VAX-11/780 が、 その先行機種である PDP-11 に対して行われた最も重要なアーキテクチュア上の拡張は、 ユーザ・プログラムに利用可能な非常に大きなアドレス空間です。 この新しいハードウェアに UNIX を移植する基本的な作業は、 Bell Laboratories at Holmdel によって行われました。 ポータビリティに関わる変更に加えて、 ベース・システムのメモリ管理メカニズムは 新しいハードウェアを部分的に利用するために修正されました。 これらの変更によって、 特にプロセスはメモリ上に 離散的に展開する ことができるようになりました。 その結果、メイン・メモリのフラグメンテーションは回避され、 部分的なスワップ・イン/スワップ・アウトが可能になりました。 しかしながら、 実行をするためにはプロセスを完全に展開しなければなりませんでした。 もはや PDP-11 の16ビットのアドレス空間に制限されることがないだけではなく、 プロセスごとのアドレス空間は ユーザープロセスに利用可能な物理メモリーと 同じサイズまで大きくすることができます。 UNIX/32Vのプリ・リリースを構成するこのシステムは、 仮想記憶のための拡張のベースとして採用されました。

The virtual memory effort was motivated by several factors in our research environment:
仮想記憶のための取り組みは、 私たちの研究環境のいくつかの要因から動機づけられました:

The reader should be familiar with the standard UNIX system as described in [RITC 74] and the virtual memory concept in general [DENN 70]. In the next section, we briefly describe the memory-management hardware as it exists in the VAX-11/780 to support virtual memory [DEC 78]. The following sections detail the new kernel operations including new system calls followed by various measurement results.
この論文の読者は、 [RITC 74] で記述されるような 標準的な UNIX システム、 および仮想記憶の概念に関する一般的な知識 [DENN 70] に精通しているべきです。 次のセクションでは、 仮想記憶をサポートするために VAX-11/780 に搭載されているメモリ管理ハードウェア [DEC 78] について簡潔に説明します。 続くセクションでは、 様々な測定結果を示して、 新しいシステムコールを含む、 新しいカーネルの操作の詳細を述べます。

2. VAX-11/780 Memory-Management Hardware

The VAX-11/780 memory-management hardware supports a two level mapping mechanism to perform the address translation task. The first level page tables reside in system virtual address space and map user page tables. These tables in turn, map the user virtual address space which consists of 512 byte pages. The 32 bit virtual address space of the VAX-11/780 is divided into four equal sized blocks.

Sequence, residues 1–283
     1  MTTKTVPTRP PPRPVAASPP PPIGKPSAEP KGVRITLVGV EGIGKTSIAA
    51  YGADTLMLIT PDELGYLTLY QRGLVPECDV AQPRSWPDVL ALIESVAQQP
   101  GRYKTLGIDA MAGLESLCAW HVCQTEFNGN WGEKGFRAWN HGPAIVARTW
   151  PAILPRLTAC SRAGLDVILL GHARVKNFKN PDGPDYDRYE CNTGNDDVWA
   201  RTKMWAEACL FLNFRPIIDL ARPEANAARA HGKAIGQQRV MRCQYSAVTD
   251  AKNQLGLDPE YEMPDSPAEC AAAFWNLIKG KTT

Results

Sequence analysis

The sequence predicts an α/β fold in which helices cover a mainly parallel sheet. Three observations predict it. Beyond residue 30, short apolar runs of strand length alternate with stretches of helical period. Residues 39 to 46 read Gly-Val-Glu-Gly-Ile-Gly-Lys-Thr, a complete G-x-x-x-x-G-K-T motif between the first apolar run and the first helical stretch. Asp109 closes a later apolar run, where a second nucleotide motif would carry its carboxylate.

VAX-11/780 のメモリ管理ハードウェアは、 アドレス変換タスクを実行するために 2レベルのマッピング・メカニズムをサポートします。 第1レベルのページ・テーブルには、 システム仮想のアドレス空間とユーザ・ページ・テーブルのマップが存在します。 これらのテーブルは、 512バイトのページから構成される、 ユーザの仮想のアドレス空間を順番にマップします。 VAX-11/780 の32ビットの仮想のアドレス空間は、 同じ大きさの4つのブロックに分割されます。

Fig. 2.1. Virtual address space

Two of these blocks, known as the P0 and P1 regions, constitute the two per-process segments. The third block, known as the system region, contains the shared kernel virtual address space while the fourth region is not supported by the current hardware. The P0 segment starts at virtual address 0 and can grow toward higher addresses. The P1 segment on the other hand, starts at the top of user virtual address space and grows toward lower addresses. Both segments are described by two per-process (base, length) register pairs.
このブロックのうちの2つは、 P0/P1 のリージョンとして知られ、 プロセスごとの2つのセグメントを構成します。 第3のブロックはシステム・リージョンとして知られ、 共有されるカーネル仮想アドレス空間が含まれます。 第4のリージョンは現在のハードウェアではサポートされていません。 P0 セグメントは仮想アドレスの0からスタートし、 より高いアドレスの方へ成長することができます。 一方、 P1 セグメントはユーザの一番上に仮想のアドレス空間から始まり、 下位アドレスの方へ成長します。 両方のセグメントは、 プロセス毎に 2組のレジスタ・ペア (base, length) によって記述されます。